John Crowley (crowleycrow) wrote,
John Crowley
crowleycrow

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Once again I appeal to my learned Friends as a body to supplement my lack of erudition.  In the coming semester (a few shudder-making days from now) I am going to teach a course in genre writing, F&SF.  One of my contentions about fantasy novels, and scienc-fantasy and future-world novels too, is that the society of the disatnat future, or an alien species, or another planet, or an alternate universe, ought to be at least as complex and unlikely-seeming (to Western European/American-culture-based writers in English) as the societies, mentalities and cultures that humans have in fact produced.  So this year I am going to ask my students to read one book of travel, history, cultural anthropology, or similar account that will illustrate this contention, and shame them out of concocting another pseudo-medieval non-society peopled by folks like themselves (and a few dragons and vampires, also much like themselves). 

I've been saving up some titles, among them Allan Villiers' Sons of Sinbad, about Arab dhow sailors around 1900; and Bruce Chatwin's The Songlines; and Frances Yates's The Art of Memory; and Clifford Geertz's Negara.  Maybe George Lakoff's Women Fire and Dangerous Things (how to think like an alien).  There's a book about how Polynesian sailors cross uncharted Pacific distances by reading the water surace, bird flight, light at differnt times of day, etc., but I can't remember the title.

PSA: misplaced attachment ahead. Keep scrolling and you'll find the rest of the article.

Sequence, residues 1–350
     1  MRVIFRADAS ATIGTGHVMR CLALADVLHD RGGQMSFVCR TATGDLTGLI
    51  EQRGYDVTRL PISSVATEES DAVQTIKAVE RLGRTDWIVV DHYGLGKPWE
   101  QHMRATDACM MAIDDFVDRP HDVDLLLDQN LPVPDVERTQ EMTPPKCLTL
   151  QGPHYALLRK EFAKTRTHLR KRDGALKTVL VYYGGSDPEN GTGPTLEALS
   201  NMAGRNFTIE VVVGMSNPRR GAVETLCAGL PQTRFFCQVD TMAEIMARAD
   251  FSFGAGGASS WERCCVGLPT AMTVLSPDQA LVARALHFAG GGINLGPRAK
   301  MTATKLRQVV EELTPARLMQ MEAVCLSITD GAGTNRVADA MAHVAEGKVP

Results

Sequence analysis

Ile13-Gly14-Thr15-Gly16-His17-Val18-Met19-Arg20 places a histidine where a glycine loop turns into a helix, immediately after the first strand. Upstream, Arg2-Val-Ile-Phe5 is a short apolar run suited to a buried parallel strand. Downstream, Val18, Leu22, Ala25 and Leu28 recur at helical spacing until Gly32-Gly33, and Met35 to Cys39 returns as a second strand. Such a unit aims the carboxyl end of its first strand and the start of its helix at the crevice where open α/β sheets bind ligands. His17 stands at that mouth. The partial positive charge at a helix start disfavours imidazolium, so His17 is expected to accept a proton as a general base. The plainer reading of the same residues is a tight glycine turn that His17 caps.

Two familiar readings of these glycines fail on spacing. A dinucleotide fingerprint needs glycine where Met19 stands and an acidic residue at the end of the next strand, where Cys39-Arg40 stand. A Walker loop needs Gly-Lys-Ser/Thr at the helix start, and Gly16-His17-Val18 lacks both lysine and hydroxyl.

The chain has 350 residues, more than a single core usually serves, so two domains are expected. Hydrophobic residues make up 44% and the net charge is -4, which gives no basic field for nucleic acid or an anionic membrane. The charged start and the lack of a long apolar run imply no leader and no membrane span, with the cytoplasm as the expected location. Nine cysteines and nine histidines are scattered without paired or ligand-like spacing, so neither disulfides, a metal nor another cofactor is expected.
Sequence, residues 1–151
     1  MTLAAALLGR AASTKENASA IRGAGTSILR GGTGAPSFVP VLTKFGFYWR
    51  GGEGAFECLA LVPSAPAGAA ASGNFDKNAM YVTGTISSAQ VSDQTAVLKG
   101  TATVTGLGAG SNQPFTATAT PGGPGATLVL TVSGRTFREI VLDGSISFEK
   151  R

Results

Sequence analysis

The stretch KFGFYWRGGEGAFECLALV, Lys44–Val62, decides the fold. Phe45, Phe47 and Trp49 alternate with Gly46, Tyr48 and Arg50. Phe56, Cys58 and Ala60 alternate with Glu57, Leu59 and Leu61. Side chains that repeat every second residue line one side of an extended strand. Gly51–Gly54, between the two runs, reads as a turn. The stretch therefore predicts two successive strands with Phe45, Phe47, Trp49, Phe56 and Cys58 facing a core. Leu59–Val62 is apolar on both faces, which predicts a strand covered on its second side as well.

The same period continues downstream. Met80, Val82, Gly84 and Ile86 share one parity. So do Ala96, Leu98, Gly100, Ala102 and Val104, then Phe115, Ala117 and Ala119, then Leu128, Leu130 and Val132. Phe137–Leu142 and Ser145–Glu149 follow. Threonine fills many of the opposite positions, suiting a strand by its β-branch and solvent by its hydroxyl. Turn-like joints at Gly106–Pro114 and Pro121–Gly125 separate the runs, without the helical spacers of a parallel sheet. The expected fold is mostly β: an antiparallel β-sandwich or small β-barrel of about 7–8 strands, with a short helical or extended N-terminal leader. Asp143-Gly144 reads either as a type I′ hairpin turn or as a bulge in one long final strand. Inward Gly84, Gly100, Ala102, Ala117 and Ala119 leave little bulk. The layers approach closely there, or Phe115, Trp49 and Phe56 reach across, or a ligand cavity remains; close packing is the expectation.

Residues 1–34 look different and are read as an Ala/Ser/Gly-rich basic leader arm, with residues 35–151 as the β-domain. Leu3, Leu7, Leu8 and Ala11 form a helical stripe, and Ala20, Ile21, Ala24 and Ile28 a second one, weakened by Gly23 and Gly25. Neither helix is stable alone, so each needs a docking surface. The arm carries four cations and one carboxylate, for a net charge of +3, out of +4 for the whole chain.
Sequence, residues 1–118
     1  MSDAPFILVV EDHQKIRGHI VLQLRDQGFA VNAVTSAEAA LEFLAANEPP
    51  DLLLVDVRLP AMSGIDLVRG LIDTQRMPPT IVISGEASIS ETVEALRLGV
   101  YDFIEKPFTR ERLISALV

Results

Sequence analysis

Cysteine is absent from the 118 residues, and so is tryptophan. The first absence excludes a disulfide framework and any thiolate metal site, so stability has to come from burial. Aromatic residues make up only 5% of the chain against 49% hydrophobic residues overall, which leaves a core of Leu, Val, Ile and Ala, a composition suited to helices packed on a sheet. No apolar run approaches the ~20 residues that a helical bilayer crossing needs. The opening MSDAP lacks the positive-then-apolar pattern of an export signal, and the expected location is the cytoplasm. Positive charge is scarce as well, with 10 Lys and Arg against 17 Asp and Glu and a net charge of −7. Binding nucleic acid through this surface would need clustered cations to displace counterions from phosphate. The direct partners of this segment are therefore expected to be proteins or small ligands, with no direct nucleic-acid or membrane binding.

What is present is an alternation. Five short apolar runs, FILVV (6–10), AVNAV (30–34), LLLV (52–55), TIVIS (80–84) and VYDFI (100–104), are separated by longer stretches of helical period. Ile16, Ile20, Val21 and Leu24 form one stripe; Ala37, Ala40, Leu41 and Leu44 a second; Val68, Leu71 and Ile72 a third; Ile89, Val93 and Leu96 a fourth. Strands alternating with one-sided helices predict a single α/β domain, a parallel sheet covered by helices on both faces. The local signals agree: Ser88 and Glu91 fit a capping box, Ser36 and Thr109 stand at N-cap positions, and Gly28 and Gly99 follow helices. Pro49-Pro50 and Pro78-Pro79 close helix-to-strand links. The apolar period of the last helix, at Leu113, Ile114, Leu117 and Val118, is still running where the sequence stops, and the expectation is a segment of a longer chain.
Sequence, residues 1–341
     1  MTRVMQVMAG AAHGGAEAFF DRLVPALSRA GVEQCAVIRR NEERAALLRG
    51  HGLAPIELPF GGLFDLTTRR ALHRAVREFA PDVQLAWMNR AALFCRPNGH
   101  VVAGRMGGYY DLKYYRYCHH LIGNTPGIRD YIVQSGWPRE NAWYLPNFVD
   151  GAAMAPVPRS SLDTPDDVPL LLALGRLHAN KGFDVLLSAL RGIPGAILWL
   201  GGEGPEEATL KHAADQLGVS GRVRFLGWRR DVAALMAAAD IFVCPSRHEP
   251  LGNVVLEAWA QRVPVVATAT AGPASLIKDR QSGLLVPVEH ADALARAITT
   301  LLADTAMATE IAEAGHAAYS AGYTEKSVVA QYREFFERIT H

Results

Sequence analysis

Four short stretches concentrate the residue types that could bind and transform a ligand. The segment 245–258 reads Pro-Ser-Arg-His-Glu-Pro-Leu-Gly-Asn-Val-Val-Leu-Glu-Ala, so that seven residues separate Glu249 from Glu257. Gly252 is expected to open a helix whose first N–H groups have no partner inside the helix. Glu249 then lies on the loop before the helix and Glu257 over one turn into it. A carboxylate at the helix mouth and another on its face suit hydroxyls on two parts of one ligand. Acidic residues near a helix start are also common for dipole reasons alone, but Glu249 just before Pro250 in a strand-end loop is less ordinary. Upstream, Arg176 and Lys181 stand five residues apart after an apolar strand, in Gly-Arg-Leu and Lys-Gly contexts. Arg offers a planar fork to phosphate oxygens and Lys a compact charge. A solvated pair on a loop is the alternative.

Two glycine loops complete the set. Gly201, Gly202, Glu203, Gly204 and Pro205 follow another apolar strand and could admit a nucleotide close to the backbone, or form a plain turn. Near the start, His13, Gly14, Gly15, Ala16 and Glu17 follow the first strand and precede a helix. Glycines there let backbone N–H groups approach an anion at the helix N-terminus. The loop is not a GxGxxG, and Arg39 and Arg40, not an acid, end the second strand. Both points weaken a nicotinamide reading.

I'd like to include a few titles for those as interested in scientific possibilities, but of these I am even less able to suggest any -- I mean I've read the reviews and can recognize the concepts, but have no titles, and no guidelines.

So any ideas, in any of these categories -- unlikely but actual human thought-systems; daily life in unexpected human realms; weird science; historical backwaters or forgotten empires? 
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  • jenlev

    Longtime readers of this journal will remember the constant follower who called herself jenlev -- a person I always sensed was a good and gentle…

  • Nobel Dylan

    I remember the firs time I listened to Blonde on Blonde. I'd been impressed by some of his songs, and lots of them I found weirdly artificial --…

  • Grim slide

    It's trivial -- so many other and far larger awful things lie around us on every side -- but it seems as though Americans are simply forgetting…